08-04-11

Liang Feng, a Postdoctoral Scholar in Electrical Engineering who works with Professor Axel Scherer, has designed a new type of optical waveguide - a 0.8-micron-wide silicon device. The waveguide allows light to go in one direction but changes the mode of the light when it travels in the opposite direction. This new technique to isolate light signals on a silicon chip, solves a longstanding problem in engineering photonic chips. [Caltech Press Release]

Tags: APhMS EE energy research highlights Liang Feng Axel Scherer

One-way Transmission System for Sound Waves

07-26-11

Postdoctoral scholar, Georgios Theocharis, and GALCIT alumnus Nicholas Boechler; working with Professor Chiara Daraio, have created the first tunable acoustic diode- a device that allows acoustic information to travel only in one direction, at controllable frequencies. [Caltech Press Release]

Tags: APhMS energy research highlights Chiara Daraio GALCIT Georgios Theocharis Nicholas Boechler

Converting Heat into Electricity in Space and on Earth - High-Performance Bulk Thermoelectrics

05-23-11

Jeff Snyder, Faculty Associate in Applied Physics and Materials Science, and colleagues have developed a thermoelectric material that might be able to operate off nothing more than the heat of a car's exhaust. "You'll see applications wherever there's a solid-state advantage," Snyder predicts. "One example is the charging system. The electricity to keep your car's battery charged is generated by the alternator, a mechanical device driven by a rubber belt powered by the crankshaft. You've got friction, slippage, strain, internal resistance, wear and tear, and weight, in addition to the mechanical energy extracted to make the electricity. Just replacing that one subsystem with a thermoelectric solution could instantly improve a car's fuel efficiency by 10 percent." [Caltech Press Release]

Tags: APhMS energy research highlights Jeff Snyder

Experiments Settle Long-Standing Debate about Mysterious Array Formations in Nanofilms

05-19-11

Sandra M. Troian, Professor of Applied Physics, Aeronautics, and Mechanical Engineering, and colleagues' experiments have confirmed which of three possible mechanisms is responsible for the spontaneous formation of three-dimensional (3-D) pillar arrays in nanofilms (polymer films that are billionths of a meter thick). "My ultimate goal is to develop a suite of 3-D lithographic techniques based on remote, digital modulation of thermal, electrical, and magnetic surface forces," Troian says. Confirmation of the correct mechanism has allowed her to deduce the maximum resolution or minimum feature size ultimately possible with these patterning techniques. [Caltech Press Release]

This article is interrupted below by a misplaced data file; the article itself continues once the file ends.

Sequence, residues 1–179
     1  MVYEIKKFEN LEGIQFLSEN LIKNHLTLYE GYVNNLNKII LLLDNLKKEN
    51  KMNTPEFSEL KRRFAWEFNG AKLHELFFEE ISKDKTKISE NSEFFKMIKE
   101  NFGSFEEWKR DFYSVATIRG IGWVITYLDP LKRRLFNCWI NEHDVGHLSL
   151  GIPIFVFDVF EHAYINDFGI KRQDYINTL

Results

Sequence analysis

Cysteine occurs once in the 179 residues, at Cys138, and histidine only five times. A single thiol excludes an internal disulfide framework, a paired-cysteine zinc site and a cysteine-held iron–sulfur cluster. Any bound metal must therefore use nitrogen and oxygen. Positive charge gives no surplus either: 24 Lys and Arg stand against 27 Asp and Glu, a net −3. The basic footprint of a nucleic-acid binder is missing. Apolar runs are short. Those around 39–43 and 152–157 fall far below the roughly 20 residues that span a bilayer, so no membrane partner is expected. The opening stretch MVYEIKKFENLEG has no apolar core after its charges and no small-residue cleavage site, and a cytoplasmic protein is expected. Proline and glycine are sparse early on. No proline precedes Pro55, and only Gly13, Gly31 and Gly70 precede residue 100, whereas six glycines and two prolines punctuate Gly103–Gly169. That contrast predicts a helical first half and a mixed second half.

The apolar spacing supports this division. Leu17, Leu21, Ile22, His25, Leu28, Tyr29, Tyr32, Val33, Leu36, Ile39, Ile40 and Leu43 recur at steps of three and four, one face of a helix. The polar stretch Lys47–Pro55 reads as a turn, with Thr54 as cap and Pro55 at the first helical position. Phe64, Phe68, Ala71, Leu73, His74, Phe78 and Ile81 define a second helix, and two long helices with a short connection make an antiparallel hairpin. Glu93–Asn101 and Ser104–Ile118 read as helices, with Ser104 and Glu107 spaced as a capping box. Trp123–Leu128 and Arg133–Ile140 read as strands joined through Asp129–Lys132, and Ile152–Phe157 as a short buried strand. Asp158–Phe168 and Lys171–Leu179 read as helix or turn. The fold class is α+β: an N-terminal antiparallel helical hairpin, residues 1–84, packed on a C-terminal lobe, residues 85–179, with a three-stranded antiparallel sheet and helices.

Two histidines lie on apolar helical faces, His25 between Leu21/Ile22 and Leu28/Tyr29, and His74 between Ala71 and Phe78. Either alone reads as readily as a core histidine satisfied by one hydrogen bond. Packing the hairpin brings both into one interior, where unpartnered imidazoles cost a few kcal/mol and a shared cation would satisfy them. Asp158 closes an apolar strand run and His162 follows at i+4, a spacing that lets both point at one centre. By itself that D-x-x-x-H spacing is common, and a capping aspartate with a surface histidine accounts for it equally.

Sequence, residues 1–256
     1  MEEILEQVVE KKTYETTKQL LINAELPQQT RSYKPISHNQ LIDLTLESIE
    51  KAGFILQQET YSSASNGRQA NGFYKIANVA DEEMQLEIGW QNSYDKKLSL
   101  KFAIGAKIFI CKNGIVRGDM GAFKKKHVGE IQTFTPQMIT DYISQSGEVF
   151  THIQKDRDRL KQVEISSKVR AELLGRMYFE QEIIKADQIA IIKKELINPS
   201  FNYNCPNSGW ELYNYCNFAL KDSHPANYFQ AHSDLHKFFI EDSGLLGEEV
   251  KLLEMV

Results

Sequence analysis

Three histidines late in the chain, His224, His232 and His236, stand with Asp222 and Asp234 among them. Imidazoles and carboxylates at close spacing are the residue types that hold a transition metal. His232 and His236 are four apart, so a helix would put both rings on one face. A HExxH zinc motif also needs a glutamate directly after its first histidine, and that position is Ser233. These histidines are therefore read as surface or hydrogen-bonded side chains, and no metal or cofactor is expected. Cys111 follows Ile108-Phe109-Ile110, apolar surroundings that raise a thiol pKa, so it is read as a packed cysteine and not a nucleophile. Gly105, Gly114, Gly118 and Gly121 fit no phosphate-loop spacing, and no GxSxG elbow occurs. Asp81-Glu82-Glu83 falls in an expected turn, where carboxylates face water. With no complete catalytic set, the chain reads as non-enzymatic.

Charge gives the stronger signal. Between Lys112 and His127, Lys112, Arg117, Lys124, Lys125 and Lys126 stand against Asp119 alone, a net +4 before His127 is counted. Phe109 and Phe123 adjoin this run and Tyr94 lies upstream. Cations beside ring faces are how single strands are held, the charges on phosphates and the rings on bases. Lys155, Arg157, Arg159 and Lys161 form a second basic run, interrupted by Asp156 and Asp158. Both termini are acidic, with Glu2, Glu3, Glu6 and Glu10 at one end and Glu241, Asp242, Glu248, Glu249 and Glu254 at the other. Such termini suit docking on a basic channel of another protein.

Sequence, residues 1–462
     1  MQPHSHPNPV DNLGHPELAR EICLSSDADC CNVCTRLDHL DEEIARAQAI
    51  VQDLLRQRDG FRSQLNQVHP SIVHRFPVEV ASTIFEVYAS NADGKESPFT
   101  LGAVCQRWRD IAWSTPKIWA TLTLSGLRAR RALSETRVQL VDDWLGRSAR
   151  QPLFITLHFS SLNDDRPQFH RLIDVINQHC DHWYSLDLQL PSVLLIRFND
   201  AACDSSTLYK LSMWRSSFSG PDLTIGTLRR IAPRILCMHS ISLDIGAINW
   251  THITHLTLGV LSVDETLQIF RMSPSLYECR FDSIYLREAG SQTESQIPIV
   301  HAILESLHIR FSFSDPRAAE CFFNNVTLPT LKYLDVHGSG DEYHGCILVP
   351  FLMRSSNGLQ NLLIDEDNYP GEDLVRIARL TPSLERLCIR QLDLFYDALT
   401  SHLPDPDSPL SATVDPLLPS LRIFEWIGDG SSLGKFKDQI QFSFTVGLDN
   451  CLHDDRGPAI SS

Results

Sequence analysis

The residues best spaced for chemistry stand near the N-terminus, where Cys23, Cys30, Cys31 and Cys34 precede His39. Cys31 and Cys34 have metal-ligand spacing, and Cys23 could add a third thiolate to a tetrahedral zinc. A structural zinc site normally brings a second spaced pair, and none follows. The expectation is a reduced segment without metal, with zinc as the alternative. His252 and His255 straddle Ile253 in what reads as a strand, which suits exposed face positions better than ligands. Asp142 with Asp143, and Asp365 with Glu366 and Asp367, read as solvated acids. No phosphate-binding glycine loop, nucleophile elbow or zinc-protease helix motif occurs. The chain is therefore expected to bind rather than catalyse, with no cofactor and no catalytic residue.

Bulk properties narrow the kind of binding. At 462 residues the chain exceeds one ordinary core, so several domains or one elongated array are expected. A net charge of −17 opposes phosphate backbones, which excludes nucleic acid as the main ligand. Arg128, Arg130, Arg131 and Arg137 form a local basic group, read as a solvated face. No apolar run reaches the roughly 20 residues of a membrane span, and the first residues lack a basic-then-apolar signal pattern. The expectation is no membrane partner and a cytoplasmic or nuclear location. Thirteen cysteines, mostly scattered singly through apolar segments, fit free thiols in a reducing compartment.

Tags: APhMS research highlights GALCIT MCE Sandra Troian

Strong, Tough, and Now Cheap: New Way to Process Metallic Glass

05-12-11

William L. Johnson, Ruben F. and Donna Mettler Professor of Engineering and Applied Science, and his team of researchers have developed a new technique that allows them to make metallic-glass parts utilizing the same inexpensive processes used to produce plastic parts. "We've taken the economics of plastic manufacturing and applied it to a metal with superior engineering properties,” Professor Johnson says. "We end up with inexpensive, high-performance, precision net-shape parts made in the same way plastic parts are made—but made of a metal that's 20 times stronger and stiffer than plastic.” [Caltech Press Release]

Tags: APhMS research highlights William Johnson Metallic Glass